There was a time when a slideshow was a popular social activity that people looked forward to. Families and groups of friends often gathered in a room to view photos that were projected onto a screen.
The term slideshow has now come to be part of our daily lexicon - especially as it pertains to imaging and presentation software. And although slides are no longer common as photographic media, they are a big part of most family photo archives. The days of physical slideshows may be behind us but it's still important to digitize old slides and catalog their images so that these memories can be preserved for future generations to enjoy.
If you are unsure about how and where to begin, this guide contains lots of information to help you successfully convert your collection of old slides to digital.
Photo slides, technically known as reversal films, are a type of photographic film that produce a positive image on a transparent base. Slide film is processed to form diapositives or transparencies, rather than prints or negatives.
A photo slide is a specially mounted transparency, designed for projection onto a wall or screen. This makes it ideal for viewing photos at a larger scale and in a group setting.
In the early days, slide projectors relied on a sliding mechanism to pull a given transparency out of the side of the machine, and replace it with the next one. This is where the 'slide' in slideshow comes in.
Modern slide projectors typically use a carousel that holds a number of slides. There is a rotating mechanism involved here with the projector automatically moving to each slide, picking it out of the carousel and placing it in the front.
The advantages of slides are that the images can be viewed as is, without the need for processing or printing. Slide images contain a high level of detail - including vibrant colours, contrast, sharpness and fine grain.
The 35mm is the most common type of slide and is typically housed in a cardboard or plastic mount to facilitate projection..
The 35mm slide film was first introduced in the early 30s but it took until the 1960s for it to gain prominence. Standard 35mm films, such as Kodachrome, Ektachrome, and Ansochrome transparencies, are commonly available as two inch square slides with cardboard mounts.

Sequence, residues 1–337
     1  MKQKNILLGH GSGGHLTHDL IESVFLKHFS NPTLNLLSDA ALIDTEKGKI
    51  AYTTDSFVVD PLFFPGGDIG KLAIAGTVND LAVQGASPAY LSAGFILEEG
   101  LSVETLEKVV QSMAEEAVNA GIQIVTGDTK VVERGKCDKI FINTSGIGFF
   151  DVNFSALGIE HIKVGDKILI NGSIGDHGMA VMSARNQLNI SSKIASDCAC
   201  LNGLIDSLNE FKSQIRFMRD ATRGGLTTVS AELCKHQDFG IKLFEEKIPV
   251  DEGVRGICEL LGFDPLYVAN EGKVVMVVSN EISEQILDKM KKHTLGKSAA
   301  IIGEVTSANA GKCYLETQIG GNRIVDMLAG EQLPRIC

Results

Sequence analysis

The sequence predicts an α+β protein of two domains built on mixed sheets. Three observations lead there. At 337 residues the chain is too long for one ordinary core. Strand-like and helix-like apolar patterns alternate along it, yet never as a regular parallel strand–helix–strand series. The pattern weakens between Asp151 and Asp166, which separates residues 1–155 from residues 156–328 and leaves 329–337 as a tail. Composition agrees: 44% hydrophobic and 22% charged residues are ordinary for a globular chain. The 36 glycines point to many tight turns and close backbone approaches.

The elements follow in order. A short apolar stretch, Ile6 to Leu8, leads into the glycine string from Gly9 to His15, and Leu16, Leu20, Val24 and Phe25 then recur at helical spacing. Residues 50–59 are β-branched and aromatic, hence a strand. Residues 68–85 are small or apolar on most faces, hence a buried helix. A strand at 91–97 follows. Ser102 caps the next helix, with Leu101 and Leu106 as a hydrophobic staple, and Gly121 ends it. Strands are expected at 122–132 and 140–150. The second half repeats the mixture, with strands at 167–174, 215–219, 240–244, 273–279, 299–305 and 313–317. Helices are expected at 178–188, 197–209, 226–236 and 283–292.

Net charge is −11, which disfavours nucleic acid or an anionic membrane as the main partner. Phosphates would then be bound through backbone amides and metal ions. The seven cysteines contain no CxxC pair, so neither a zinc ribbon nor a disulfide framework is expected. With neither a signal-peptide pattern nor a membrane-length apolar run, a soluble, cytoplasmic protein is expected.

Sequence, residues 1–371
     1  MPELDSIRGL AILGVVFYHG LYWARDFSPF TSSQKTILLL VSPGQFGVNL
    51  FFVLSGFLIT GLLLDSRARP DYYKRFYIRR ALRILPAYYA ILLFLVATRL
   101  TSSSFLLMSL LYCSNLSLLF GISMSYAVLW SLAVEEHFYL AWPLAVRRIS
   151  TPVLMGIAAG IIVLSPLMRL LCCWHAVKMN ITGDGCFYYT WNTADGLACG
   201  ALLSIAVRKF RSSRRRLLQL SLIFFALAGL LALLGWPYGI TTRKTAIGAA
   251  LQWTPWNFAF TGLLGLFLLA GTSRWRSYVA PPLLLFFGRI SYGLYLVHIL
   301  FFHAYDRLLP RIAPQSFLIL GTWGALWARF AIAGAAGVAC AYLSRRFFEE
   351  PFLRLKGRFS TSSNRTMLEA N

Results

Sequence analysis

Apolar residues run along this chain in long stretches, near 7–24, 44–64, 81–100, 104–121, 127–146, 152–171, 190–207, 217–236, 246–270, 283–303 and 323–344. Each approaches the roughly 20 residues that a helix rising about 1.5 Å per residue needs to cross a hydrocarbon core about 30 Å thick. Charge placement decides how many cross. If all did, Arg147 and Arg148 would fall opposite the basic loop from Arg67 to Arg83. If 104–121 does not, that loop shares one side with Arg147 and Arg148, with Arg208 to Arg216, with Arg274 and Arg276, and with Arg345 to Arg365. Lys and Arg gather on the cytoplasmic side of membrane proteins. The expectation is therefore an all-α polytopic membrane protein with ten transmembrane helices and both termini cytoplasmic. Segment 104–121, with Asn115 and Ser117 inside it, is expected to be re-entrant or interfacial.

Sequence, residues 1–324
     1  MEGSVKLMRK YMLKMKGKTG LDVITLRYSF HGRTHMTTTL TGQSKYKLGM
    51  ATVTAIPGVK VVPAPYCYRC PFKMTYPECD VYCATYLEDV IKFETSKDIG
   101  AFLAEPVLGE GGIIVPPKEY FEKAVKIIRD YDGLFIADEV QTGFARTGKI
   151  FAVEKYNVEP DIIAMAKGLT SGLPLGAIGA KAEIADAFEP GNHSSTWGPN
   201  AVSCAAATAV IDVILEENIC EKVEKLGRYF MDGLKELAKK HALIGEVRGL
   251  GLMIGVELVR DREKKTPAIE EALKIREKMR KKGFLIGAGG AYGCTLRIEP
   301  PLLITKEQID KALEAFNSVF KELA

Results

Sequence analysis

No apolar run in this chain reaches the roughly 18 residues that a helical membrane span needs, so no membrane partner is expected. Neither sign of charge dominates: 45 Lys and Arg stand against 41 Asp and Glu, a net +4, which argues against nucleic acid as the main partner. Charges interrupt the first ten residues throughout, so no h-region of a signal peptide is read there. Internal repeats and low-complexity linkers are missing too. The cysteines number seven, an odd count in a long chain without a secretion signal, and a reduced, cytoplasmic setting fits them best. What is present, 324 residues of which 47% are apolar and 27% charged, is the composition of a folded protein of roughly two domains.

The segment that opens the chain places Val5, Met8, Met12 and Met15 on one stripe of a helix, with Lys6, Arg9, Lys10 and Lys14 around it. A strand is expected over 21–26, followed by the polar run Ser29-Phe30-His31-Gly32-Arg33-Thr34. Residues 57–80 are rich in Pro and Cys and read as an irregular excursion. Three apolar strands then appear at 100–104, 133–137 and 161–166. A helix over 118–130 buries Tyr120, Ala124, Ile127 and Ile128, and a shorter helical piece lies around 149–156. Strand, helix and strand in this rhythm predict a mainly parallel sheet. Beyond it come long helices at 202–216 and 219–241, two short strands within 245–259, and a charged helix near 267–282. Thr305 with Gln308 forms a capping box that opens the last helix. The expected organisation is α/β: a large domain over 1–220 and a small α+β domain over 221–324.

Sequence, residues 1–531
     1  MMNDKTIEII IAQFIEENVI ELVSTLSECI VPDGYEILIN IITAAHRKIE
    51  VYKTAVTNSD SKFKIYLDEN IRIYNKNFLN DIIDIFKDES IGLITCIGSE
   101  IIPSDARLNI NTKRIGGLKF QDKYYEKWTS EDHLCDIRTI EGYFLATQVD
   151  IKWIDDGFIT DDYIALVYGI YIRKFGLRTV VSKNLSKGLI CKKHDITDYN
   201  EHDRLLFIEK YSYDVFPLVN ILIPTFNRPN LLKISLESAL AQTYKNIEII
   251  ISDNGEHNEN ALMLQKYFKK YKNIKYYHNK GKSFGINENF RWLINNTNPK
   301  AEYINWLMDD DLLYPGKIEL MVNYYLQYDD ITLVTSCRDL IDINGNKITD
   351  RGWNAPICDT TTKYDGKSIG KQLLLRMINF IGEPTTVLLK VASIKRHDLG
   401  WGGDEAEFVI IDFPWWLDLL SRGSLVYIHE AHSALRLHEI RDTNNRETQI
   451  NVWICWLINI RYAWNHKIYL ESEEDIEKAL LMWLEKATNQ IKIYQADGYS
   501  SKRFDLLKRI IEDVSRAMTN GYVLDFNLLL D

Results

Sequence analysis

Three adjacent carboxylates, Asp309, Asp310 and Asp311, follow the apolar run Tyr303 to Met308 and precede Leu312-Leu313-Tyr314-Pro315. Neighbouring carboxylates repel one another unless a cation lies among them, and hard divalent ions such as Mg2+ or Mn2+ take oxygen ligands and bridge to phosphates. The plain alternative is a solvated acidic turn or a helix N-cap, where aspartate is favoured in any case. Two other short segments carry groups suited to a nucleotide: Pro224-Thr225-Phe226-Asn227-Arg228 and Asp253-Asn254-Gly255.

While 35mm slides are the norm, slides do come in other less common formats. The size of the actual image within the cardboard mount will tell you what kind of format you are dealing with. Apart from 35mm, there are also 110, 126, 127 and 120 slides as well as medium and large format transparencies.
Similar to 35mm slides, these different formats are all placed in 2”x2” slide mounts, which allows them to be projected with the same equipment as 35mm slides.
110 is a cartridge-based film format and is a miniature version of the 126. Slides of this format have a frame measure of 13x17mm. The format was introduced by Kodak in 1972 for their Instamatic cameras.
Some people preferred this comparatively smaller format, because it went well with portable, lightweight cameras. Kodak discontinued production of this slide film in the ‘80s and stopped making compatible cameras in the ‘90s, but other companies continued to produce both.
Most slides of the 35mm half frame format were likely produced in the '60s. The main feature of this format was that it used only half a frame for each shot, thereby doubling the number of pictures that could be accommodated on a single roll. This aspect, along with the miniature cameras designed to work with this format, were what made it so popular.
35mm half frame slide
126 film was introduced by Kodak in 1963, and is associated mainly with low-end point-and-shoot cameras, particularly Kodak's own Instamatic series. The label ‘126’ was first used in the early 1900s for a line of film rolls, until Kodak introduced the cartridge-based version of the format. The frame of a 126 slide measures 26.5x26.5mm.
127 was a roll-based film format introduced by Kodak in 1912, along with its foldable Vest Pocket Cameras, as an alternative to larger portable cameras of the time. The slide was squared off and bigger than rectangular 35mm slides. Given the larger film size - 40X40mm - it was easier to view scenes on these slides.
127 slide format
The 828 format was introduced by Kodak to target the amateur photography market. It remained in production for more than fifty years before being discontinued in 1985. Kodak continued producing cameras for the 828 format until the mid ‘60s, long after other manufacturers had stopped making them. With dimensions of 40x28mm, images produced by this slide film are wider than those from standard slides.
The 120 format was released by - you guessed it - Kodak, for the Brownie No. 2 camera, back in 1901. This format was widely used throughout the first half of the 1900s and is still available as a special product for antique photography lovers.
With an image size that is about three to four times that of the 35mm format, 120 format slides are included in the “Medium” category. Their larger size means that these images contain more detail and can be scanned and enlarged with compromising on quality.
120 medium format